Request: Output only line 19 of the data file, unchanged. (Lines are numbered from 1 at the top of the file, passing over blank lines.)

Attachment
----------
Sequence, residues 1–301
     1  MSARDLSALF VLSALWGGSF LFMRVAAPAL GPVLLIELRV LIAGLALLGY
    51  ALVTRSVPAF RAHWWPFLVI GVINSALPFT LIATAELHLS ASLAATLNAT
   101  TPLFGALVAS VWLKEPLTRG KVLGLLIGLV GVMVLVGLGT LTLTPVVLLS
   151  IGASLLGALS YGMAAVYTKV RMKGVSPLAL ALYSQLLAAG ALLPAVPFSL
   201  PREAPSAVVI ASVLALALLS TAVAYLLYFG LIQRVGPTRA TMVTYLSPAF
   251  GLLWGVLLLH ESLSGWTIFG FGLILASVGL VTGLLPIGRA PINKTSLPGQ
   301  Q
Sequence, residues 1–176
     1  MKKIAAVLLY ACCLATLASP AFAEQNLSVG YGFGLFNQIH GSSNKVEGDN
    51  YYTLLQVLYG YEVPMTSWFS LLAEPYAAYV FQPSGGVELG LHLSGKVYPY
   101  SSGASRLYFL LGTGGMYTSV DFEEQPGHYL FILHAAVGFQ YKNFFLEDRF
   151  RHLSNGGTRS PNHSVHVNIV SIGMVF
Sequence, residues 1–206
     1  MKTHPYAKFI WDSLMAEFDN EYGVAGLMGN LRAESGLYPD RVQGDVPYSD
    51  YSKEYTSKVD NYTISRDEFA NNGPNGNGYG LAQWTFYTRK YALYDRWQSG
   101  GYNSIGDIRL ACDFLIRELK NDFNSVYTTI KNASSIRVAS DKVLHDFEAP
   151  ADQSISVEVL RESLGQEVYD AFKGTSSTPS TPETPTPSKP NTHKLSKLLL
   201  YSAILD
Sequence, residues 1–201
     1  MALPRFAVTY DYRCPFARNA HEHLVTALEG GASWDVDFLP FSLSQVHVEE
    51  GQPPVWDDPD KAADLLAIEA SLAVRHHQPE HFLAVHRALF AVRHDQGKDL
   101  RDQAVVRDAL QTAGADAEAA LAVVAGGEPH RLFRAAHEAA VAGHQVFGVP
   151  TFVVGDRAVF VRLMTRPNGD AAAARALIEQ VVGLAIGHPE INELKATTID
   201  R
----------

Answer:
   201  YSAILD